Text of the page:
This week I have come across a couple of interesting ways that the web is just a little bit broken.
Strange Cloaking from the Telegraph
The first is some strange behaviour from the Telegraph blogs area. Try viewing this page in the following three ways:
- normally, with cookies enabled, via your usual browser
- via a browser with cookies disabled
- with cookies disabled identifying yourself as any of the main search engines’ crawler in your useragent
What you will see is:
I have a few questions about this, but the main ones are:
- WHY? If your site doesn’t break without cookies (as evidenced by the fact it works for search engine spiders), why stop people browsing without cookies? It can’t be to do with advertising tracking because the main Telegraph site works fine without cookies.
- If you must do this, could you not at least return an error code on the page you deliver users telling them your site is broken? A “200 OK” breaks the internet. Really.
I’m not sure what I think about this from the search engines’ perspective. It’s clearly against the letter of the guidelines (treating googlebot et al differently based on their user-agents) yet in many ways it doesn’t actually go against the spirit of the guidelines as the search engines are served the same content that the majority of users see. We had a vigorous debate in the office about how we would treat this behaviour if we were a search engine. I’m not quite sure. I’d like to stop it happening (I feel it breaks the internet) but it doesn’t really feel bad enough to get penalised. What do you think? What would you do?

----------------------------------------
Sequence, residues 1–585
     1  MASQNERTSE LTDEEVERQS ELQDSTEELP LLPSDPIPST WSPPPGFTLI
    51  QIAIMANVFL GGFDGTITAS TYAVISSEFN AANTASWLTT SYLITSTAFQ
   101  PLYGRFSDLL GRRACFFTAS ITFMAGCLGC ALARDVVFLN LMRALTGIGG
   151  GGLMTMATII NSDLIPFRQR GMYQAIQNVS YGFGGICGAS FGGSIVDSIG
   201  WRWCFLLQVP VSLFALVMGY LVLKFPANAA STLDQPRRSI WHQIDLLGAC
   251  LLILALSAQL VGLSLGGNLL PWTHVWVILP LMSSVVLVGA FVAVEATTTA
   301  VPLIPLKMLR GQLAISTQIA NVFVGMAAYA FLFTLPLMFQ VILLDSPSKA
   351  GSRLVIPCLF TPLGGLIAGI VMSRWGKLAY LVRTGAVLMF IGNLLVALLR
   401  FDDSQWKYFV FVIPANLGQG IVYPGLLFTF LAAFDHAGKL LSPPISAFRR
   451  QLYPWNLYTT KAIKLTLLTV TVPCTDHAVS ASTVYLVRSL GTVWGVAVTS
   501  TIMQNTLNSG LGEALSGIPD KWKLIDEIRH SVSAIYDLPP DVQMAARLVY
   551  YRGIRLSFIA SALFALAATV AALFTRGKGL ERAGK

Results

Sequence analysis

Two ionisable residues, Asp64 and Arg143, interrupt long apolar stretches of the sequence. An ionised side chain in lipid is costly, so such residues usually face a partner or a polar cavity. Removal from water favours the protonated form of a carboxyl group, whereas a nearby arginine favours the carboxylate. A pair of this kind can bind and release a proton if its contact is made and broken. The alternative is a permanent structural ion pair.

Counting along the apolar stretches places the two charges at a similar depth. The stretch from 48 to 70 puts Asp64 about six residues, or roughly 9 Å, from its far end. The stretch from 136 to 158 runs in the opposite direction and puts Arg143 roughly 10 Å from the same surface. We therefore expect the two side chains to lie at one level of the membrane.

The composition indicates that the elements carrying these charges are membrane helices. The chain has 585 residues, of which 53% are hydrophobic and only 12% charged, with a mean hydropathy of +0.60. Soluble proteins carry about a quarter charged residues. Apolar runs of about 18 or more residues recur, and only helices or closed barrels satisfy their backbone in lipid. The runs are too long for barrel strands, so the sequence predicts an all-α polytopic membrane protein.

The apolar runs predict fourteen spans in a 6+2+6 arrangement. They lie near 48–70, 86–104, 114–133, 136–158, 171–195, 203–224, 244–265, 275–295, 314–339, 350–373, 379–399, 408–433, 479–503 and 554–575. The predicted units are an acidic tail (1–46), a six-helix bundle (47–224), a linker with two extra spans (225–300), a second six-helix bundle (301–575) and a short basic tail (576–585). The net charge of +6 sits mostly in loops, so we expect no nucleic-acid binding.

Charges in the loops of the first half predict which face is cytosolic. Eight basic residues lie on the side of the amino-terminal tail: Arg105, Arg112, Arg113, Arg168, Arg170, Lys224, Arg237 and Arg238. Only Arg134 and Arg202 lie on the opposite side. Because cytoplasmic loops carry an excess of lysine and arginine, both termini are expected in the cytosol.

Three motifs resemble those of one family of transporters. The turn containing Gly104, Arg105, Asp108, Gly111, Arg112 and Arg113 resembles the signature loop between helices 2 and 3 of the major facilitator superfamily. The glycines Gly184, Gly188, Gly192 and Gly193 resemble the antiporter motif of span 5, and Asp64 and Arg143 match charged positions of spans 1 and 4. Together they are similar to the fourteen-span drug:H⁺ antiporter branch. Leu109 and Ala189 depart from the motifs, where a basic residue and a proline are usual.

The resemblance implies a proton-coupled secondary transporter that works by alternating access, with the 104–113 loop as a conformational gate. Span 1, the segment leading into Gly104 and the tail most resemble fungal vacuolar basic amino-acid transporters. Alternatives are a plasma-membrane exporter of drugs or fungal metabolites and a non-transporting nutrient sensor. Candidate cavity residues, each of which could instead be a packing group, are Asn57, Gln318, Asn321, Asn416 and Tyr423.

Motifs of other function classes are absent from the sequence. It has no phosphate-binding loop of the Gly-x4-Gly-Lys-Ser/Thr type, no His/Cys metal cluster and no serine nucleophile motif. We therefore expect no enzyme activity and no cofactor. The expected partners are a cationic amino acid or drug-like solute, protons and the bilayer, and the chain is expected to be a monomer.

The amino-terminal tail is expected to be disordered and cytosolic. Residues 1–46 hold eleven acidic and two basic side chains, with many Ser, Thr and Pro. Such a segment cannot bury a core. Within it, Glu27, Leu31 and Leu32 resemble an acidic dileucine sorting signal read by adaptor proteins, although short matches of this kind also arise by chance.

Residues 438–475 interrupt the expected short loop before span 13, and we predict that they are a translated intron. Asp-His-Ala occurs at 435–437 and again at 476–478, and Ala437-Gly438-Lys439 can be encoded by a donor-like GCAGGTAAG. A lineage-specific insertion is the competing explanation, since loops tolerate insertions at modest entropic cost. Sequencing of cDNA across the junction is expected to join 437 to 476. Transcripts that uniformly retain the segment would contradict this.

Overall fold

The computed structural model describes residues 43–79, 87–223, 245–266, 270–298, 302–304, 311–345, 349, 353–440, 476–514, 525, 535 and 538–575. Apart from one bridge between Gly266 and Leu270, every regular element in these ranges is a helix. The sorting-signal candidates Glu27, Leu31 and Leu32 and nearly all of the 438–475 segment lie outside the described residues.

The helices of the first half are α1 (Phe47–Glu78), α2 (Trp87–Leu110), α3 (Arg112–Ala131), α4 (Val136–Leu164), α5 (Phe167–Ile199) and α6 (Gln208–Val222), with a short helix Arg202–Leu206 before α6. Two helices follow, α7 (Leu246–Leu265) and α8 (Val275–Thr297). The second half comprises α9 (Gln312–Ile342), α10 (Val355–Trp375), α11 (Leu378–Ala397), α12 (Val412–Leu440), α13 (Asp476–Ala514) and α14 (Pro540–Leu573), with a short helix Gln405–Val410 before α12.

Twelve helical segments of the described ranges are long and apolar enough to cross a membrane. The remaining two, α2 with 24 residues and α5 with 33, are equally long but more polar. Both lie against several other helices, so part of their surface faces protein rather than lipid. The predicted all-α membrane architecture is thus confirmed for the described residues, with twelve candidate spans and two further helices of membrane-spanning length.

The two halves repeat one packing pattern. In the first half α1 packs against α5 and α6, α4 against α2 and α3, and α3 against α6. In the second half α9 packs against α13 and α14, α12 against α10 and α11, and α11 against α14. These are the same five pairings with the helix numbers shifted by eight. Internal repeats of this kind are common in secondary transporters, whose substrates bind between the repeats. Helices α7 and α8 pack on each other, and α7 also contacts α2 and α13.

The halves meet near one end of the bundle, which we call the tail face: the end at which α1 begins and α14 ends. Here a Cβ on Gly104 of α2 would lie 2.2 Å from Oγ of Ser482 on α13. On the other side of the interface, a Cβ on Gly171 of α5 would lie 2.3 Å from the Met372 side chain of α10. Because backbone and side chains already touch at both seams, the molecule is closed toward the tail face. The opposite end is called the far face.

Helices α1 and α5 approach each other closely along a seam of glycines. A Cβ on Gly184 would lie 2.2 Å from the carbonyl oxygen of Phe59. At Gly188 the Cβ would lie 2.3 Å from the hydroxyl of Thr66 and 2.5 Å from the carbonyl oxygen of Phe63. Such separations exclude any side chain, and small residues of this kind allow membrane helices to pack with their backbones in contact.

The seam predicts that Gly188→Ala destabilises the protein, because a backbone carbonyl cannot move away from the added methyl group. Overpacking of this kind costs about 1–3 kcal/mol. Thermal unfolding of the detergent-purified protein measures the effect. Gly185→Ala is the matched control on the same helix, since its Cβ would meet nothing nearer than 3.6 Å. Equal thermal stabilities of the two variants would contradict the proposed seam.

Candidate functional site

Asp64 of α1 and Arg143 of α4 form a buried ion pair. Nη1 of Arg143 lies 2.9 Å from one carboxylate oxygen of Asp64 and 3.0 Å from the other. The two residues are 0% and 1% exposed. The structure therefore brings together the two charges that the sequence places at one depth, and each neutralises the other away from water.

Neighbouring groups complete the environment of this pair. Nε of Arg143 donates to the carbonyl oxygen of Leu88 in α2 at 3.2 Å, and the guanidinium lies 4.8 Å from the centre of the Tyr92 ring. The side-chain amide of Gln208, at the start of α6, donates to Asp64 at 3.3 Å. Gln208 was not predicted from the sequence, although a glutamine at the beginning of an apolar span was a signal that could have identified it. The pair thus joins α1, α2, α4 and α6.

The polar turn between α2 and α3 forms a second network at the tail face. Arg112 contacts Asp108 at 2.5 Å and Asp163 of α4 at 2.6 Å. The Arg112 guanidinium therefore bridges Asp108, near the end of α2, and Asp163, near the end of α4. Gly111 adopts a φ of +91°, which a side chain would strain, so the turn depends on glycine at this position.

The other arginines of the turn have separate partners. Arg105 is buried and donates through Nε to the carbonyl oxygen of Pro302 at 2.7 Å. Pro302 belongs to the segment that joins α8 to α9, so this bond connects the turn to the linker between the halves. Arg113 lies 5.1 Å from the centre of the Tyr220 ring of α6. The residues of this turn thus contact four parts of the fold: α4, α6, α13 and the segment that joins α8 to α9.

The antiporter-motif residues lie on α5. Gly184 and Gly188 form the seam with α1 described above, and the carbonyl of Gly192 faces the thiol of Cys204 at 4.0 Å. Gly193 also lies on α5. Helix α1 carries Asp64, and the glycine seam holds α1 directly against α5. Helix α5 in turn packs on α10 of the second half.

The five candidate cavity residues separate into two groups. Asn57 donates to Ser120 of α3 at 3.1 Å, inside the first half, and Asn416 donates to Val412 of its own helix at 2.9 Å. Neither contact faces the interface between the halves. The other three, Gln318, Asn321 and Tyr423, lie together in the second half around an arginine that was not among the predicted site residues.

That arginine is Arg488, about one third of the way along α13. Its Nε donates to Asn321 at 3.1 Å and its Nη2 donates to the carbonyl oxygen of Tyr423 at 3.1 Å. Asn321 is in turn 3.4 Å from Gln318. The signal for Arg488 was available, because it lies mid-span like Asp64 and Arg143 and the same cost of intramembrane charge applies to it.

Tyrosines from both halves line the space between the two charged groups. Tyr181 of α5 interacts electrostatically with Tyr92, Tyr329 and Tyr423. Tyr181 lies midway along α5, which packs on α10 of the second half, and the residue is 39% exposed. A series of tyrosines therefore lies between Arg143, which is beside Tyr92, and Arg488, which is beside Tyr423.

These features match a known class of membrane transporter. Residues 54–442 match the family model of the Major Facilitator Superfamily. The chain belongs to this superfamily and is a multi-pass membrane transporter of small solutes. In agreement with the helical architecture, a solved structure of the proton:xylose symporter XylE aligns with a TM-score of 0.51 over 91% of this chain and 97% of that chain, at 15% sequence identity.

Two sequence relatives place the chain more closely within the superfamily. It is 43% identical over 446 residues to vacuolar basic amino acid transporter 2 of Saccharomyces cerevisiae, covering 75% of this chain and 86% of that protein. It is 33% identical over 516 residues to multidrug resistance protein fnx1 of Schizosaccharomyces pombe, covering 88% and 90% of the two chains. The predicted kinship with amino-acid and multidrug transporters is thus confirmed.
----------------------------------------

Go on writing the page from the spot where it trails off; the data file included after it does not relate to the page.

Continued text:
Unfortunate Geo-Delivery from the BBC
Try a Google search like this site:news.bbc.co.uk/weather and you will find the homepage has a title tag of “BBC Weather | United States of America”.
Strange, huh? For such a solidly UK-centric organisation to have its weather homepage US-focussed? That’s what I thought.
Browse there (at least from the UK) and you find a title tag of “BBC Weather | United Kingdom”. Not a perfect title tag, I wouldn’t have said (I would have wanted “UK” and “forecast” in there I think) but a lot better.
The BBC (the beeb! of all people) have fallen prey to what I called the world series spidering problem in an SEOmoz post last year – that since the search engines typically send their spiders out from the US, if you blindly geo-deliver content, you will end up with your US-focussed content being indexed.
Ironically, if the BBC really wants to geo-deliver US-focussed content to US visitors (while presumably being more focussed on the UK market, given their funding!), arguably they should be engaged in the kind of ‘conditional delivery’ the Telegraph is doing. Should they show the search engines their UK-focussed ‘primary market’ content while showing regular US browsers US-targeted content?
Incidentally, this results in all kinds of ranking confusions – I’ll leave trying out all the combinations of searches for weather forecasts in the UK and US from the UK and US to the interested reader.